The Bedlington Terrier originated in the a small village near Rothbury, Bedlington, hence its other name as a Rothbury Terrier.
It was used by gypsies and poachers to catch game on the land of the gentry, his ability to make a quick kill along with speed and endurance would have served poachers well. It is these points that brought the breed to the attention of the gentry, so much so that they hired the very dogs that were stealing their game to rid their estates of vermin.
The terrier soon became a favourite of the coal miners not only were they used to rid the mines of rats, but were also used for sport, racing not only other Bedlingtons but the faster Whippet, often with the Bedlington coming out winner.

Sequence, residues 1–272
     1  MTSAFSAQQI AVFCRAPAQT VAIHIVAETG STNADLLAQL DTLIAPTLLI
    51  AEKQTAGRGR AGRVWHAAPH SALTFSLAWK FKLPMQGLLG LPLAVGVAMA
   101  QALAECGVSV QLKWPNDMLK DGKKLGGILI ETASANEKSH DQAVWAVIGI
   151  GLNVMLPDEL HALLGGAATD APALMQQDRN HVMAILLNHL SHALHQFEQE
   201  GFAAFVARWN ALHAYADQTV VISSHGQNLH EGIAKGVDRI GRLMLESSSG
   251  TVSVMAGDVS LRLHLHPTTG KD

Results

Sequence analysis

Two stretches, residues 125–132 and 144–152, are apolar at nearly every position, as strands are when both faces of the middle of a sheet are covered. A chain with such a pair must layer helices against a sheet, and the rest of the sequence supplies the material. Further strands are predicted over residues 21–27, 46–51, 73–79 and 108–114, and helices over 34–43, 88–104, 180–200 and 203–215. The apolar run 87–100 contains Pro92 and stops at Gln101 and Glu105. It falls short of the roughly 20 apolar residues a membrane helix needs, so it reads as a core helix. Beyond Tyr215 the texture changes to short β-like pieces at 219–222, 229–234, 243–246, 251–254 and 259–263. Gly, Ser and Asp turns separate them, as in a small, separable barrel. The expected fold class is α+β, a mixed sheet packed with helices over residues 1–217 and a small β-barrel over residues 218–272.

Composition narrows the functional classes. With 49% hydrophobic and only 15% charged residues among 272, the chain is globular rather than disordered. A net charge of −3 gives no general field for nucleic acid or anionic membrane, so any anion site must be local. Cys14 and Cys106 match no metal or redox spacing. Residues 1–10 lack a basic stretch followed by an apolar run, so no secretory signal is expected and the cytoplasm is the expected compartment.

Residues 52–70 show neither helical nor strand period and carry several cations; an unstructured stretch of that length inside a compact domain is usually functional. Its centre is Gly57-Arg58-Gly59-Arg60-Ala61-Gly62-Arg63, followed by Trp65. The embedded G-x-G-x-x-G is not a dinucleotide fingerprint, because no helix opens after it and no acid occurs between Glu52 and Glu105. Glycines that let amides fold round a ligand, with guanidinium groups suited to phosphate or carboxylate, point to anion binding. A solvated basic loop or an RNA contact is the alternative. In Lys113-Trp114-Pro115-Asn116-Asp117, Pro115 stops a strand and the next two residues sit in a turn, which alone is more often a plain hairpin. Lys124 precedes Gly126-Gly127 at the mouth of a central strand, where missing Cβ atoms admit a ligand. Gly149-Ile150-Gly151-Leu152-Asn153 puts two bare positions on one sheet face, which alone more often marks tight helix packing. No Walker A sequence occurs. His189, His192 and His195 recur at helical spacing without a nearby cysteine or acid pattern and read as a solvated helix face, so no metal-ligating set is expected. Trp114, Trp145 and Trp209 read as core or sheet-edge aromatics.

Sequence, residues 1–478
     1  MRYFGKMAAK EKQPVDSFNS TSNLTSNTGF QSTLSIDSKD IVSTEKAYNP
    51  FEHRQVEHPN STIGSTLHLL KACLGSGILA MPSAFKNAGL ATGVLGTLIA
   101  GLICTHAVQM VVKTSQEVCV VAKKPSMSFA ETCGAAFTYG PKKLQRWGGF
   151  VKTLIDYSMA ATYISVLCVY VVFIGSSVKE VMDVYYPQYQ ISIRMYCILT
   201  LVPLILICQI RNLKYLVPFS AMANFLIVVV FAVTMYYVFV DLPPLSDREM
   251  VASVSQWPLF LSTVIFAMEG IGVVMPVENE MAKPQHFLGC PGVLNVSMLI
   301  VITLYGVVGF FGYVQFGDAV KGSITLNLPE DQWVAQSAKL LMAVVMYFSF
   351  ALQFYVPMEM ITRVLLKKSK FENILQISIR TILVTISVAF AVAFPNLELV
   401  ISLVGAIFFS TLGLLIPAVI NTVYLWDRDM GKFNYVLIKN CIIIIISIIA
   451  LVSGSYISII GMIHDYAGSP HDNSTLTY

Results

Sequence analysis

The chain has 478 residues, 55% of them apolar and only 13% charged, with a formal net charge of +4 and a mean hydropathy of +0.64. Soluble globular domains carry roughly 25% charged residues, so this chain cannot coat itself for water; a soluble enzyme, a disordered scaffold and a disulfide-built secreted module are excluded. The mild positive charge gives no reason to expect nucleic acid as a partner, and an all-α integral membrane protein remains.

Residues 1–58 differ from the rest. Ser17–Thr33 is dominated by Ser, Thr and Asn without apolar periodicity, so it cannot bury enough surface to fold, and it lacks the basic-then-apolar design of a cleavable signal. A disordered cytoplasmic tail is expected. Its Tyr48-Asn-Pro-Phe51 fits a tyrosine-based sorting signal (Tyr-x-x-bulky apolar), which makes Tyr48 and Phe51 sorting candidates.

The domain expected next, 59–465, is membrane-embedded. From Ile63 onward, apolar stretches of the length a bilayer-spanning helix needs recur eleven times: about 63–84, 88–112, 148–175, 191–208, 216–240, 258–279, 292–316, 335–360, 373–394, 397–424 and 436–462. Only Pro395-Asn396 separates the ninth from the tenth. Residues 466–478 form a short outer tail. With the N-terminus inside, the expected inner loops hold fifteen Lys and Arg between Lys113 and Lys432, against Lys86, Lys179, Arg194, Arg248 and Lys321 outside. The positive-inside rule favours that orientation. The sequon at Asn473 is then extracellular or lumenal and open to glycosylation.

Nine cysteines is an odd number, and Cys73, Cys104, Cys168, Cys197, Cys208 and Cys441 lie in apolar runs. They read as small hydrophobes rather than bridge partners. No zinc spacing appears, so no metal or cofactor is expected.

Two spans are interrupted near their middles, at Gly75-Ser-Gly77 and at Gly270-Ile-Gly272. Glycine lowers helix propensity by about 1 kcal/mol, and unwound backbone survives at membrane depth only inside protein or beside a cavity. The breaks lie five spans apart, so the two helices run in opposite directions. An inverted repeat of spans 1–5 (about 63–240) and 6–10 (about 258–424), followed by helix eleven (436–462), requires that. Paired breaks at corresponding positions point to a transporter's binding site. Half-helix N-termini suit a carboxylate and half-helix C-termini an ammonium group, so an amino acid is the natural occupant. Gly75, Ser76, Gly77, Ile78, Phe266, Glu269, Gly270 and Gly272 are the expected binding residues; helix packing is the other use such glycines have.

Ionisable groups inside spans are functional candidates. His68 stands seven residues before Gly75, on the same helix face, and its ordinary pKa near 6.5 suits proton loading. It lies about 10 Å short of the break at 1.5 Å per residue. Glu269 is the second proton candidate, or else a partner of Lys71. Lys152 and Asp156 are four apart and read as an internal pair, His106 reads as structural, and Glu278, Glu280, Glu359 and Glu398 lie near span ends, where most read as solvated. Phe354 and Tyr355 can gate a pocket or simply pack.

There is no certainty of the breeds which lead to the Bedlington, however it shares similarities with the Dandie Dinmont, Soft Coated Wheaten Terriers and the Kerry Blue. The arched back may also have derived from the Whippet to add speed and litheness to the breeds performance.
A gentleman named Joseph Aynsley from the town of Bedlington in Northumberland bred the first dog named a Bedlington Terrier, Aynsley’s Piper, this gave the breed its start. Piper first hunted at 8 months and continued to bring down the most dangerous of badgers and otters even in his blind and toothless old age.
In the early 1900s the breed started to be bred as a companion dog which with newer methods of trimming gave the breed the appearance of a lamb, but underneath the baby face beats the heart of a true terrier.